Submitted By: Amy Sercel
Edited By: Marcia Bristow MS RDN CSSD CD
Drink tequila to lose weight! At least, that’s what the headlines said recently. Even Time magazine suggested that drinking a shot of tequila could reduce blood glucose and help people lose weight. Unfortunately, this is not entirely true.
In actuality, the health benefits come from a compound called agavins, found in the agave plant used to produce tequila. Agavins are a type of carbohydrate called a fructan, or a fiber that you cannot digest. Instead, when you eat a food that contains fructans, they are broken down by the bacteria living in your large intestine. This process results in the production of a little acid – not enough to cause discomfort, but enough to slow the growth of harmful bacteria and promote helpful bacteria instead.
Researchers believe that the process also changes the types of hormones released by your digestive system, helping you feel full for longer and stimulating insulin release so that blood sugars go down. In one study, mice that were given agavins in addition to their regular diet ate fewer calories and gained less weight than mice that did not receive any agavins. The mice that ate agavins also had lower blood sugar, cholesterol, and triglyceride levels.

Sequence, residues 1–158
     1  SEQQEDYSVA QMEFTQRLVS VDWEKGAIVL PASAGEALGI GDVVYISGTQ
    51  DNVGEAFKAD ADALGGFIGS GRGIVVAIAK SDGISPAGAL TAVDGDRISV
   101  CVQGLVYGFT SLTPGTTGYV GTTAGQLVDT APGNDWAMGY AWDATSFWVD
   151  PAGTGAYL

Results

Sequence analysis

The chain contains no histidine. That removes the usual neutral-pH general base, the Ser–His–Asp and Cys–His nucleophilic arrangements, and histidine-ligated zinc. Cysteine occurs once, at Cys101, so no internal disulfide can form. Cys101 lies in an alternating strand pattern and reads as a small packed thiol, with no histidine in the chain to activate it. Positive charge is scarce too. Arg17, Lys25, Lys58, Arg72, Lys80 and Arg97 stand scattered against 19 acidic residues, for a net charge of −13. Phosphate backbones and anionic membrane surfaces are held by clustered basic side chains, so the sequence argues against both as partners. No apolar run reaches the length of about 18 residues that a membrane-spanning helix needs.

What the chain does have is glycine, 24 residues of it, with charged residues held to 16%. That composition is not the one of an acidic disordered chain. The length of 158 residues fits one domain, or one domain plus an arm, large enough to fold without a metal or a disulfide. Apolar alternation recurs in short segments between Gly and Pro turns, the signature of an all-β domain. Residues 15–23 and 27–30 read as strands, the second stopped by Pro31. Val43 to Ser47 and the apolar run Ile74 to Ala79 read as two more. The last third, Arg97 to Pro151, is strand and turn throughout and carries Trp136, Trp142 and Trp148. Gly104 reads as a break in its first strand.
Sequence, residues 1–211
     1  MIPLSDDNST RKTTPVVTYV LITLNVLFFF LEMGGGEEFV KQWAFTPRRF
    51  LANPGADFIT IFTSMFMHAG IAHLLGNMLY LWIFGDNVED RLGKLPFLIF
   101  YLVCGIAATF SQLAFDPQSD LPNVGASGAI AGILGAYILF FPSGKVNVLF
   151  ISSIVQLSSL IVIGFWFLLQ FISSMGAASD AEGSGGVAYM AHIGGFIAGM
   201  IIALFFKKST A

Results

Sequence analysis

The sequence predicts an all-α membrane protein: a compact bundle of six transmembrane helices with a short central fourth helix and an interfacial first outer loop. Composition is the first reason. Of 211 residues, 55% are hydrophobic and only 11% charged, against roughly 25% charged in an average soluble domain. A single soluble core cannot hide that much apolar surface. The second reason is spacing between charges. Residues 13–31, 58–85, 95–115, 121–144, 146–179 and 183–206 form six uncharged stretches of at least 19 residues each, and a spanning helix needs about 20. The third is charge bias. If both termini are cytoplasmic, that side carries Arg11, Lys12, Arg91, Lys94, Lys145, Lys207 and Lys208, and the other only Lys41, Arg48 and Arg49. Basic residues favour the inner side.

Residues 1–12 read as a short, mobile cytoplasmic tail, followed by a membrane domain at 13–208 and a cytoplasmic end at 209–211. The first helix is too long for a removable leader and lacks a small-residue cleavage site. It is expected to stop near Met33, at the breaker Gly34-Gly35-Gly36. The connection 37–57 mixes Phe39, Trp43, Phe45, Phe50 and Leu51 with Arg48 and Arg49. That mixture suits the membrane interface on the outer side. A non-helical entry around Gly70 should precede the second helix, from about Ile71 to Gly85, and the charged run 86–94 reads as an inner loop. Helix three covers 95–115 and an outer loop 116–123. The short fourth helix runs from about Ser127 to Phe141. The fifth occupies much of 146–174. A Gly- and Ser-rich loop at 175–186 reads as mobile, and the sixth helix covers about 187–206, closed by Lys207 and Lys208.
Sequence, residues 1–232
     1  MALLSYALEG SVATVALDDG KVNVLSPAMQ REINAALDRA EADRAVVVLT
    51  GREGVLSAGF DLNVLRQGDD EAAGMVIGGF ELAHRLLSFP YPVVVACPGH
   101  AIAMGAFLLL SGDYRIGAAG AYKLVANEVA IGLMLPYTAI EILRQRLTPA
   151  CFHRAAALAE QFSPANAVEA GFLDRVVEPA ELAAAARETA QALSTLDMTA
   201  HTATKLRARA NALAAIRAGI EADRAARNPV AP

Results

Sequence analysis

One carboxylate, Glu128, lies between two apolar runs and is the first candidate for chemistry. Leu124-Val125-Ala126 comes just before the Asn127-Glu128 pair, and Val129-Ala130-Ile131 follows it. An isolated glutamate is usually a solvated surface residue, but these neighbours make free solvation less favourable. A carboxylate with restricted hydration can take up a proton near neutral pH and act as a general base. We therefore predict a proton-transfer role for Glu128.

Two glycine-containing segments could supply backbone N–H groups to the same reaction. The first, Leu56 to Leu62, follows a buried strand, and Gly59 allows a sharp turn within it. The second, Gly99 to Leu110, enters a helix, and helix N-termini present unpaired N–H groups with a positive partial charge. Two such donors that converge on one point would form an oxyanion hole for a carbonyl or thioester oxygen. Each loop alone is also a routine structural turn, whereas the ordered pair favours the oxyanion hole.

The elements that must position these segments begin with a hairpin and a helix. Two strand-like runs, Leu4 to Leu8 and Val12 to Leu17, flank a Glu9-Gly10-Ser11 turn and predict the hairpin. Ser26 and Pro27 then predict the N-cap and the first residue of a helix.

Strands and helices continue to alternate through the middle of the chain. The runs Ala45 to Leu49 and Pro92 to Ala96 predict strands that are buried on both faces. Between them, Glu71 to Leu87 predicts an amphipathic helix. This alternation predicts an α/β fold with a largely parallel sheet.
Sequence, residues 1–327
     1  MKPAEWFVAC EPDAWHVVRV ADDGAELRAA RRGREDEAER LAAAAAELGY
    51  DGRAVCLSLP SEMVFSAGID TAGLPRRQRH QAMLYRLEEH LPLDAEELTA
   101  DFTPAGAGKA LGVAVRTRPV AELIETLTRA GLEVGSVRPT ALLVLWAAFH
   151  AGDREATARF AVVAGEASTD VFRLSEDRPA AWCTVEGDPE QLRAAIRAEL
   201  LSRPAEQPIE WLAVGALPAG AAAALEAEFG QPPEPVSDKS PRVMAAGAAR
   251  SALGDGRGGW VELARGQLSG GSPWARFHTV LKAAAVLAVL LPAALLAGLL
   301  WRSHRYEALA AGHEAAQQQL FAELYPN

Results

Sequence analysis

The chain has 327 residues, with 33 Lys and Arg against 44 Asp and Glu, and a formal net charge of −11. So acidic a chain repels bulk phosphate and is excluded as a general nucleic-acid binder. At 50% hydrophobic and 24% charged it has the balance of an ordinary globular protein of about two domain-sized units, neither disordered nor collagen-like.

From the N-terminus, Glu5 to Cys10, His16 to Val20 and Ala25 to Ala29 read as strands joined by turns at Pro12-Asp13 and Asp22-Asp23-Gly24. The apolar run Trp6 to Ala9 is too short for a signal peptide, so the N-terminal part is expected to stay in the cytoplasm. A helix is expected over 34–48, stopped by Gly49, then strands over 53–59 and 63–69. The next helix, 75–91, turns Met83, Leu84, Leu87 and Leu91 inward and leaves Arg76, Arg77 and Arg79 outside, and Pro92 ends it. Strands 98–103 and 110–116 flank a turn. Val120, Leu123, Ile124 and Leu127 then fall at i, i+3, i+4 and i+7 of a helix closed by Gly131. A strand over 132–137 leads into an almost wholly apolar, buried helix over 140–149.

Although agavins are found in the agave plant, which is used to make tequila, tequila does not actually contain any of these health-boosting compounds. Agavins are broken down in the process of aging tequila, leaving the drink carbohydrate-free but a whopping 98 calories per 1.5-ounce shot. Rather than contributing to weight loss, it is likely that drinking tequila too often could actually lead to weight gain over the long term.
If you are interested in trying agavins for yourself, you might have to wait a little while. The research on the health benefits of agavins for humans is ongoing. It looks like researchers want to make an alternative sweetener using agavins, but this is not yet available in grocery stores. Instead, you can get similar benefits from foods that naturally contain other types of fructans, such as garlic, onions, chicory, and artichokes. While it will be interesting to see whether anything comes from agavins in the future, for now it’s best to stick to whole foods!